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Championing books -- and a sense of community

At a new shop in Manhattan Beach, what's on the shelves is just part of the story. It's one of a number of such stores that aim to provide a place for real contact in an increasingly virtual world.

April 09, 2010|By Joy Horowitz

Just when I thought the last vestige of life as I've loved it -- meaning life with an inviting bookstore nearby -- was ending, I found hope. First, there was the president in Iowa City, making front-page news because he was browsing in a bookstore. That photograph of him so cheered my Facebook friends, who posted it like crazy, that I wondered if something more was happening here than people clicking a button that said "like."

And then, amid the hoopla over iPads selling like hot cakes, I stumbled upon the opening of Pages: a Bookstore, a small, new independent in Manhattan Beach, of all places -- land of surfer dudes and beach volleyball goddesses and, as it turns out, a plethora of book clubs.

The local press heralded Pages as "a bookstore bucking the big-box bandwagon," and I wondered if its owners had been living in the Dark Ages, unaware that the death knell of independent bookstores had already been sounded. Or maybe they knew something the rest of us didn't?

From the closing of Duttons in Brentwood to Borders' announcement that it would be closing 200 stores and laying off 1,500 employees, sad scenes are being replicated everywhere: Bookstores that have served communities for years are shutting their doors for good. There are many reasons for Apoca-lit Now: the recession, rent increases and even apps that let you scan a book's bar code and find the cheapest price, which isn't going to be at the indie down the street. And that doesn't even include the steamrollering advent of the e-book, which outsold real books on Amazon last Christmas.

Still, it's anyone's guess exactly how old patterns of making, buying and reading books will be affected by all this change. Which is just the point, as it turns out, at Pages. "Anything could happen now," says Linda McLoughlin Figel, one of three co-owners of the new store. (She doesn't seem crazy when you meet her.)

The first thing you see when you walk into Pages, just past the free pot of Peet's coffee, is an old black Royal typewriter. The point, or at least the hope, is that old-fashioned doesn't necessarily have to mean outdated. Everything old can be new again. Pages has a plan. In order to succeed, its owners believe they'll need to provide a sort of mom-and-pop gathering spot for book groups to convene, for teens to share poetry at open-mike nights and for toddlers to have story time too. With comfy leather chairs and "shelf talkers" that offer book reviews from local readers, there is an immediate air of intimacy.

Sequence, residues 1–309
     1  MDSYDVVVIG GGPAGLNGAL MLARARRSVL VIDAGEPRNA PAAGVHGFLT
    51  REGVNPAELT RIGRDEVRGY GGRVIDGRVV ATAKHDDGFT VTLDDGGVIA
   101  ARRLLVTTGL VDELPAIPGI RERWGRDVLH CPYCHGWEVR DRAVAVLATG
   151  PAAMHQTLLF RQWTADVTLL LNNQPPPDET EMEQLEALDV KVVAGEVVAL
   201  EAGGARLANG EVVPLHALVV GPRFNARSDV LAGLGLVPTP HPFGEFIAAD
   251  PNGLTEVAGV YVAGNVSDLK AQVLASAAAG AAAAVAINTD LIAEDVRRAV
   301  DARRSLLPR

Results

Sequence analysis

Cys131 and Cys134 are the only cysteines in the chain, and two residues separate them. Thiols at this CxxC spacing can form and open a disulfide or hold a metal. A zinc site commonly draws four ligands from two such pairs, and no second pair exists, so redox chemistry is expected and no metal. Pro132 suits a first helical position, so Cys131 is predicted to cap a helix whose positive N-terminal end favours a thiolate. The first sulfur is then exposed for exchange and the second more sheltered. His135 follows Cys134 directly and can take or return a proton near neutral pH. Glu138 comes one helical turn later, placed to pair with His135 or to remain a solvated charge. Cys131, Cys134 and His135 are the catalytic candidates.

In other words, Pages is staking its future not just on dead-tree books but on our need for community, for having real contact in addition to the virtual kind.

At Skylight Books, Book Soup and Vromans, survival accompanies a palpable sense of place and community. At Village Books in the Palisades, there's a kids' pajama story time on Friday nights. In North Hollywood, the Iliad Bookshop provides personalized attention and a cat named Zola. Tens of thousands of Angelenos show up for the Los Angeles Times Book Festival. Here. In LaLa Land.

In our revved up, plugged-in world, having the chance to look someone squarely in the eye and share ideas may be the most bankable commodity of all.

"We're not naive," Figel told me. "This will be tough, but the community knows that too, and they're happy to have us here."

Judging by the paper decorations hanging in the front window, which were made by a cadre of local crafts people over coffee and bagels, and the fact that hundreds of locals showed up at the store's launch party, Figel and company may be onto something.

Even the sun-and-surf location could pay off. Manhattan Beach has been without a bookstore for several years. The iPad screen doesn't cut it in the glare on the beach, and do you really want to get sunscreen on your Kindle?

So I'm not despairing. The technological revolution that threatens to rival the revolution created by Gutenberg's printing press is a long way from eliminating bound books. (Even my teenage daughter tells me she'll only read books on paper.) And the human need to gather together isn't going to end, either. That has to mean the doors will surely stay open to at least a few clean, well-lighted, last best places. Long live the bookstore.

Joy Horowitz, a former Times staff writer, is a contributor to the forthcoming essay collection "I'm Going to College, Not You -- Surviving the College Search With Your Child."

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